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  • Glenye Oakford

Patient Perspective - Barry M

A commercial pilot and military veteran in Atlanta, Barry struggled at first to adapt to CPAP therapy. That turned around when he discovered coaching and remote patient monitoring, which he says helped him “maximize the treatment.”

My wife kept telling me that I was not breathing at night sometimes.

You know, when I was single, I was sleeping alone, and so I didn’t know I wasn’t breathing. I got to the point where I was waking up and I was still tired, having a bad day because I hadn’t slept well. But, you know, I just thought that was normal.

When my wife started telling me, “Hey, you stop breathing on a regular basis,” that’s when we started looking deeper into it.

The fatigue was definitely affecting my work. I’m a commercial pilot by trade, and I did the FedEx subcontract early in my career. We flew from 10 at night to probably 6 or 7 in the morning.  I’d come home during the day and couldn’t sleep, and I was fatigued, and I assumed it was because I was flying at night. But when we started digging into it, we realized I did have sleep apnea at that particular time.

It didn’t affect my relationship with my wife, outside of her complaining about me snoring and not sleeping, but it didn’t affect us negatively.

If you’re a commercial pilot and find out that you have sleep apnea, you’re supposed to seek treatment. So right now I’m not actually in the cockpit because of I’ve got to go through all these treatments. It was like a domino effect; because of the sleep apnea, my high blood pressure was bad, my cholesterol was messed up. It was just a slew of things that followed the sleep apnea.

There were a few treatments they offered. One was an implant, but that didn’t sound like anything I wanted to do. They gave me an option that was a mouthpiece that was electronic, and I definitely didn’t want to do that.

The Veterans Administration put the actual CPAP machine on the table, as well, and I thought, “Okay, let me try that, because I’ve known people in the past who have used that. Let me check and see if this is really what’s going on with me.”

The first month of using it, I’d wake up and the mask would be all on the floor, disconnected, and the machine would be off. I’d be like, “I don’t recall doing that.” As I started going back and forth to the doctor, that’s how I was put in contact with a sleep coach. She started giving me pointers, and it took probably about 40 days for me to start building an effective habit of wearing it.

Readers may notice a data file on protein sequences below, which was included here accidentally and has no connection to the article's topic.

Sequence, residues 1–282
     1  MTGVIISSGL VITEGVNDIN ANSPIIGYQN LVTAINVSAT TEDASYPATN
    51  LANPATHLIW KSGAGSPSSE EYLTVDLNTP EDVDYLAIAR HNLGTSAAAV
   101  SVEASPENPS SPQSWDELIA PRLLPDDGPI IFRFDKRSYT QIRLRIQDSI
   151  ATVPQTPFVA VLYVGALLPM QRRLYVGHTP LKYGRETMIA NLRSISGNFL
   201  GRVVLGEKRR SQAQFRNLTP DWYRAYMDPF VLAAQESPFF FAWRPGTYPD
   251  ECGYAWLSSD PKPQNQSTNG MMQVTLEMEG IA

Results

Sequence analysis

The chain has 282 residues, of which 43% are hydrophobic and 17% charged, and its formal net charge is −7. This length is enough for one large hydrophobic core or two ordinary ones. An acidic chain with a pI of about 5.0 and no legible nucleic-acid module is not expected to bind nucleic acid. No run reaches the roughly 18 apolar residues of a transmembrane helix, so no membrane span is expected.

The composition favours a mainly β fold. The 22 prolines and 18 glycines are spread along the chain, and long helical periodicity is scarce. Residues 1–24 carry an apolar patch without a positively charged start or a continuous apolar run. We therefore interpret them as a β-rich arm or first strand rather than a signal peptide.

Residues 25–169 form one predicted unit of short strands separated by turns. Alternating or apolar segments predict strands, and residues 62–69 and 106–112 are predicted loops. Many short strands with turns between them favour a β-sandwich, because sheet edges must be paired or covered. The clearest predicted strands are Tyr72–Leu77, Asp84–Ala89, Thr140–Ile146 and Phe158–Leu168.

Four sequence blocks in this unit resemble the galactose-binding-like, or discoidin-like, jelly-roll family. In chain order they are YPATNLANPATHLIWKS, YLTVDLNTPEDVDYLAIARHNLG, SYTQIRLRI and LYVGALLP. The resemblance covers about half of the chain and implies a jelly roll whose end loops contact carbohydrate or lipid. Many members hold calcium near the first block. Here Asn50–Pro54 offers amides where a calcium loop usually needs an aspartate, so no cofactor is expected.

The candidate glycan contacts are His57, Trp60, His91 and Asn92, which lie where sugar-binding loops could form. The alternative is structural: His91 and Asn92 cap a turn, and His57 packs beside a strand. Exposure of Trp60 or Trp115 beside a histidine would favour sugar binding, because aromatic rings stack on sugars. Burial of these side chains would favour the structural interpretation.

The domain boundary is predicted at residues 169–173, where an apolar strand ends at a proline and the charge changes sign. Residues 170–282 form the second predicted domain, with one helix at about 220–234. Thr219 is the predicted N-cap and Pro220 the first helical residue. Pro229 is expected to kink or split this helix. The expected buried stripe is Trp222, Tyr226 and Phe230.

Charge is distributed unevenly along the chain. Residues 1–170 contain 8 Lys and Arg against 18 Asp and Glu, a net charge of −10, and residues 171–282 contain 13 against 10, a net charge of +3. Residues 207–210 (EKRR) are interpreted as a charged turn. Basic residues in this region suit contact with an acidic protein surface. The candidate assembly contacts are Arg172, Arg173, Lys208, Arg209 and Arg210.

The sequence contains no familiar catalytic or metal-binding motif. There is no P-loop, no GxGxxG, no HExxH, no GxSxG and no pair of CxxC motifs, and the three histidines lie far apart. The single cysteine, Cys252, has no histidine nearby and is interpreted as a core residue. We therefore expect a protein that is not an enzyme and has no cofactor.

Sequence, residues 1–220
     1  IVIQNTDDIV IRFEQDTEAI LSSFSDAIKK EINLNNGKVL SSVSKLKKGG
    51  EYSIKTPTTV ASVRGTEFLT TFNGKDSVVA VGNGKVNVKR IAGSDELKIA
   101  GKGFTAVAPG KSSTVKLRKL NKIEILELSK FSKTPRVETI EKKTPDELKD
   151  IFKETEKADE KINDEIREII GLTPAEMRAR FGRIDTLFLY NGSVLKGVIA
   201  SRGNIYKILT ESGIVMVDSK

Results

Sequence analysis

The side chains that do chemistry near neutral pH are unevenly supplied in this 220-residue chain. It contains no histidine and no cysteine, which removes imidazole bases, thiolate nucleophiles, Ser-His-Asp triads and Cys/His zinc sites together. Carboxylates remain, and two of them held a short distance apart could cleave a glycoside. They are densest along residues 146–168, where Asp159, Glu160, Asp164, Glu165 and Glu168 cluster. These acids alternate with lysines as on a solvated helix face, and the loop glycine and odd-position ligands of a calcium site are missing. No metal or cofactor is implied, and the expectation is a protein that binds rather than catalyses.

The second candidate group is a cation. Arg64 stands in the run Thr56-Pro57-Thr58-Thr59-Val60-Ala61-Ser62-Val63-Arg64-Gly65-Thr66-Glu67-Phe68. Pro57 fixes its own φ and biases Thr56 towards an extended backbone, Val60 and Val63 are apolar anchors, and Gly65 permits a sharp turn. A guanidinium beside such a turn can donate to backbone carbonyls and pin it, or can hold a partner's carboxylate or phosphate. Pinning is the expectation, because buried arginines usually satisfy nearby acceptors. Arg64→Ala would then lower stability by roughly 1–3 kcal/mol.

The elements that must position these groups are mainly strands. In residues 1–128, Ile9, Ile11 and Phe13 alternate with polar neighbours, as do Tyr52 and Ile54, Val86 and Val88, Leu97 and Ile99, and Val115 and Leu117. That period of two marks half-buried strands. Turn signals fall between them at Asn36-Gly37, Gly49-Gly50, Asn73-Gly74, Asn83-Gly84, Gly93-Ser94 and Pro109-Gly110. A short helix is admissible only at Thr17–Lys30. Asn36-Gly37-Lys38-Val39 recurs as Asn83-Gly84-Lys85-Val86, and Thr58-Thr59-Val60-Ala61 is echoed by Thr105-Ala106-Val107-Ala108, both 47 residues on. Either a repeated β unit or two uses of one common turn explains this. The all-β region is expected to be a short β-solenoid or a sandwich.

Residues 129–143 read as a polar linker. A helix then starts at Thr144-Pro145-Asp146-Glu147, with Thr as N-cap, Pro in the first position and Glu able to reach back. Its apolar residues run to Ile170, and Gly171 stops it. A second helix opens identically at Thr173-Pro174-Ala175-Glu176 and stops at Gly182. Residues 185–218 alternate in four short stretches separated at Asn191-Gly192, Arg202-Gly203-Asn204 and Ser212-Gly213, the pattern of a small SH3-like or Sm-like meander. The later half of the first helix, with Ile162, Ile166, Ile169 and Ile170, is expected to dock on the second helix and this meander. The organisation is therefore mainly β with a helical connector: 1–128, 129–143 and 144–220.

As I started making myself do it, I started trying to build myself up, like, “If I could get three hours out of it tonight, I’m good.” And then the next week I’d try to get four hours, and then, the next thing you know, my body started adjusting to it. Now I’m getting anywhere from six to nine hours of sleep a night. The reason I know that is that I look at my app every day when I wake up, and I’ll think, “Wow, I got eight hours and 30 minutes last night!” or “Last night, I got nine hours and 12 minutes,” and so forth. I turned it into a challenge/game: let’s see what I can get tonight.

With me being a former military guy with this type-A personality, at first I thought, “Hey, I can figure this out. It’s no problem putting on a mask and breathing.” But as time went on, I thought I might need some counseling or some help on this. That’s how I started progressively involving someone else in this equation. I wanted to maximize the treatment.

I’m a big TV buff; I love watching old shows and stuff. One particular episode of the Cosby Show, Theo found out he had dyslexia, and up to that point he was classified as a mediocre learner. When he found out that he had dyslexia, he jumped in feet first. That always inspired me. I looked at it like, if this is the issue for why I can’t get a full night’s rest, let me maximize everything that is given to me. I’ve got videos the sleep coaching company has given me, I’ve got my sleep doctor backing me up with information whenever I go to him, I’ve got the sleep coach, who calls me on a regular basis. Once I addressed the problem and thought there has to be a solution, the solution came up to be maximizing my resources.